Adrienne Haan Sings Kurt Weill
I am fairly new to going to cabarets; I started a few years ago and the cabaret has opened my eyes to some wonderful talents. I am more of a theater person; musicals, straight plays, comedy or drama. When I saw Adrienne Haan Sings Kurt Weill at the Triad on April 5th. I saw the perfect blending of theater and cabaret. On the small stage of the Triad was a six-piece band (have you ever seen a tuba in a cabaret coupled with a banjo?) lead by Ms. Haan’s musical director, Richard Danley.
Adrienne Haan appears on stage with her bright red lipstick and mascaraed black eyes and lashes and brings to mind the face of a silent screen star. Her facial expressions as she sings tell the stories of her songs in anguish, delight, and betrayal. Her body emotes the music whether she is straddling the back of a chair, kneeling on the stage, or sitting on the top of the piano kicking her legs up.
And her voice… She hits wonderful notes that surprise and holds those notes way into the audience’s applause. I will not go into every song she sings in detail over her 90 minute show but just highlight what she does best and in her doing so surprises me. Adrienne gives us an interesting history lesson of Kurt Weill, a composer best known for Three Penny Opera. Mr. Weill, we learn, was born in Germany before World War II and left for France and then ultimately to the United States. During that journey, he wrote music in each of those countries’ languages and Ms. Haan sang songs from each of those stopping points. I have a friend who is starting a cabaret career and I advised him not to sing more than three non-English songs in his concert; the audience will lose interest. Ms. Haan disproves that assumption as she sings multiple songs in German and French; but the difference is she explains the songs beforehand and with her body and face the audience knows exactly what the song is about and they become enthralled in the stories.
She breaks your heart when she sings Surabaya Johnny but has you laughing and singing along with the Alabama Song; both by Bertolt Brecht. She sings Mack, The Knife after she charmingly talks about her calling her father Mackie Messr (Mack, the Knife) to her young school chums, not knowing who Mackie was. A number of personal stories she relays allow this amazing talent to show her humble side including performing her first cabaret act to an empty room.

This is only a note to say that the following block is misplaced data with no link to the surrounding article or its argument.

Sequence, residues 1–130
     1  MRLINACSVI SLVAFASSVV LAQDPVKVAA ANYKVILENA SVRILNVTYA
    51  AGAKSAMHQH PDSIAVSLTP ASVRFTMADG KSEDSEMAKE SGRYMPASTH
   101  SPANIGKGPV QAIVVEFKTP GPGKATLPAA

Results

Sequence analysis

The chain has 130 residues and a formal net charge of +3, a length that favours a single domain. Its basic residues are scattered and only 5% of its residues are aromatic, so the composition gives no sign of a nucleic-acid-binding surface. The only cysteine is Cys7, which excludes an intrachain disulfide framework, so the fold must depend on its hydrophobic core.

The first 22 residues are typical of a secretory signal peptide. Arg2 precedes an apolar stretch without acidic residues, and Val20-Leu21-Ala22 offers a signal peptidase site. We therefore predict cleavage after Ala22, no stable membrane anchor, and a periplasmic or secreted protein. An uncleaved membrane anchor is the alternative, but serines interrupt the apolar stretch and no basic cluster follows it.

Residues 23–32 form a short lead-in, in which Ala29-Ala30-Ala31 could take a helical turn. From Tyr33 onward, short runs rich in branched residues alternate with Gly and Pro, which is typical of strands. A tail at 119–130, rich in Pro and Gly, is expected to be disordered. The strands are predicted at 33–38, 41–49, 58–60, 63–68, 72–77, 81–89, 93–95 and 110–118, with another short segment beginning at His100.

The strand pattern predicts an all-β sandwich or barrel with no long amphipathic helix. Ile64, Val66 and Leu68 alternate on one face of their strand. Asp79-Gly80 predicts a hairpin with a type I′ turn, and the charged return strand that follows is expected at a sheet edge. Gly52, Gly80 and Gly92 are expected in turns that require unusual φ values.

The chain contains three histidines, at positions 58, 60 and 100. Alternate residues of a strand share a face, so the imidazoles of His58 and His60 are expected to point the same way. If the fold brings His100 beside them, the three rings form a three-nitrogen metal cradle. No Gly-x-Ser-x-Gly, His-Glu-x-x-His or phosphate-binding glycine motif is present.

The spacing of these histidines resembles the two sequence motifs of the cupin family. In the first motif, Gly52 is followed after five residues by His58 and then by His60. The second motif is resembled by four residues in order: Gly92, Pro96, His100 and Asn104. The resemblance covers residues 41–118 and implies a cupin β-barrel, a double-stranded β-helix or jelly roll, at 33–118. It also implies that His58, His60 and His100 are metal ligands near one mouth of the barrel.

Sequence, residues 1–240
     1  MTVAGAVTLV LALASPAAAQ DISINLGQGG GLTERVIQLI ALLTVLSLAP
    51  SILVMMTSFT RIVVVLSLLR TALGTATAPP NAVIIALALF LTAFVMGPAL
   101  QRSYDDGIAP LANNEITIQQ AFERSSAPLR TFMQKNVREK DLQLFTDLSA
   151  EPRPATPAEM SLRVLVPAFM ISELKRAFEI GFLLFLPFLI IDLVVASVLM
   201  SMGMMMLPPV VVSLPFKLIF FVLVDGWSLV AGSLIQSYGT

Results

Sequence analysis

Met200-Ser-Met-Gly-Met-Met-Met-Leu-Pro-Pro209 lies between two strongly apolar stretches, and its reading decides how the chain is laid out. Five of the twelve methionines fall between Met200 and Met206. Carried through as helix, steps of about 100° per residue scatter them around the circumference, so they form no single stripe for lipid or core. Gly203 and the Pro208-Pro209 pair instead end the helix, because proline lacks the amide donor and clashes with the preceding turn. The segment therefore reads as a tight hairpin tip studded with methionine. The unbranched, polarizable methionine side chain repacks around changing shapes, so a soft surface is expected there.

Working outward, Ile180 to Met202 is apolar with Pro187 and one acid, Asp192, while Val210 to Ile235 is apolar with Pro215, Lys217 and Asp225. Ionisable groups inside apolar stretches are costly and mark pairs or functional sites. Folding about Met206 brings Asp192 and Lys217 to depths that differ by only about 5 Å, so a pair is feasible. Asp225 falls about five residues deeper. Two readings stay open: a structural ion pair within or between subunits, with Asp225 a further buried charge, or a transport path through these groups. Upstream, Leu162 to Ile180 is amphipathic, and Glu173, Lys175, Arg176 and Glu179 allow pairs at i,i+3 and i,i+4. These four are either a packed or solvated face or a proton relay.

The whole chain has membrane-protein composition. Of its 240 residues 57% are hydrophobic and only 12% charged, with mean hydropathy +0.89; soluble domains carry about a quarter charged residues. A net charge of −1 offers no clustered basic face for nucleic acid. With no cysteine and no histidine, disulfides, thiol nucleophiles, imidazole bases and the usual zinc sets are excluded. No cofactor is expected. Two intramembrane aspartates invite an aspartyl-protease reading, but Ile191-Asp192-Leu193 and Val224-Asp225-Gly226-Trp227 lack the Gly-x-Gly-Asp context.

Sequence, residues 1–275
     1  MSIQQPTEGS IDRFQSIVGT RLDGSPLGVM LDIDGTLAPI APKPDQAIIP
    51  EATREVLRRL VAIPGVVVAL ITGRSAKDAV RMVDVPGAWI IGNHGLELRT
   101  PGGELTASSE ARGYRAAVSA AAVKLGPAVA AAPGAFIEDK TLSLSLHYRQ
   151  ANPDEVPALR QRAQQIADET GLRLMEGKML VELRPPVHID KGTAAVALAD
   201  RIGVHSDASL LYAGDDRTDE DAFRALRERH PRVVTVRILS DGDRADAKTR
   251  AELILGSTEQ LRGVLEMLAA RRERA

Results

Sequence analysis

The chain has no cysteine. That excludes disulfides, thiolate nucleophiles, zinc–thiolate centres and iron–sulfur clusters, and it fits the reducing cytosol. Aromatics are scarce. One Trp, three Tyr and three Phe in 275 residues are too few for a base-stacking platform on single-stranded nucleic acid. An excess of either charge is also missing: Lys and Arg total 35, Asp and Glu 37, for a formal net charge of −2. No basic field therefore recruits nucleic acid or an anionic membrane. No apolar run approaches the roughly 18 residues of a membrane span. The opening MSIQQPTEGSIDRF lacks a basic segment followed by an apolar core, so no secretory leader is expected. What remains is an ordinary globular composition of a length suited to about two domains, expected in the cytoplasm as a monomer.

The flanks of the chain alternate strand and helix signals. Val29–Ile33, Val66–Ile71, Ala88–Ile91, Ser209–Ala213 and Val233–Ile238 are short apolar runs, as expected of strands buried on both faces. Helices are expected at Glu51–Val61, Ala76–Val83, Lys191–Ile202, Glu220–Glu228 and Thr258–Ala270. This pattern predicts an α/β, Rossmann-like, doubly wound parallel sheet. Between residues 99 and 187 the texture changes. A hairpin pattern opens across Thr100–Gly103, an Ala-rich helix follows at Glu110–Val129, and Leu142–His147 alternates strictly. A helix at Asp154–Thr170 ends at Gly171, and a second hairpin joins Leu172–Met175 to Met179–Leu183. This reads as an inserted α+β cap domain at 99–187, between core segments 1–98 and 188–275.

Ms. Haan sings fourteen songs during this show, each with a voice to thrill and a stage presence that mesmerizes. As the title suggests all songs are by Kurt Weill including My Ship, Speak Low, Bilbao Song, Pirate Jenny and The Saga of Jenny.
Her band that accompanies her are all top notch and again I am blown away (pun intended) that there is a tuba played by Jen Hodge, who also plays double bass. Richard Danley has done an uncanny job as musical director and plays piano. Dan Levinson, Alt Sax and Clarinet; Benjamin Sutin, violin; Vinny Raniolo, guitar and banjo; and Mike Capenni on drums bring the music alive in all tempos and genres.
Ms Haan will be returning to The Triad in May in a new show, Margo & Juliette – A Dance on the Volcano in Weimar Berlin, which I am sure will bring her audience even more dramatic and exciting entertainment. May 17, 19, 21 and 25; I am sure to be there one of those nights.
My View: Someone Named Storm Caused Lots Of Excitement In New York City Last Night
Storm Large has made a name for herself from tours with Pink Martini to orchestral appearances at Carnegie Hall to the television stage of “America’s Got Talent.” But it is with her loyal and fearless band, Le Bonheur, that she grabs audiences. by the lapels and refuses to let go. Love, Storm her new show played 54 Below last night. It’s a playlist of songs by pop luminaries, rock goddesses, and Storm’s fiery originals. There might be someone in the news with a variation of her name currently causing some political excitement, but few entertainers can create the musical excitement that exists in a Storm Large performance.
Cabaret, Talks and Concerts For April
Spring, makes us gather as much sun as possible, but it also brings rain and it’s time to hop inside and catch your favorite performer. Here are our picks for April.
92 Street Y: 1395 Lexington Ave. 4/11: Apple TV+’s The Last Thing He Told Me: Jennifer Garner and Laura Dave; 4/19: Al Pacino in Conversation with David Rubenstein (In-Person); 4/30: Celebrating Balanchine: A Screening, Book Reading, Conversation and Performance with Director Connie Hochman, Heather Watts, Jennifer Homans, Tiler Peck, Unity Phelan, and Calvin Royal III Commemorating the 40th Anniversary of George Balanchine’s Death (In-Person)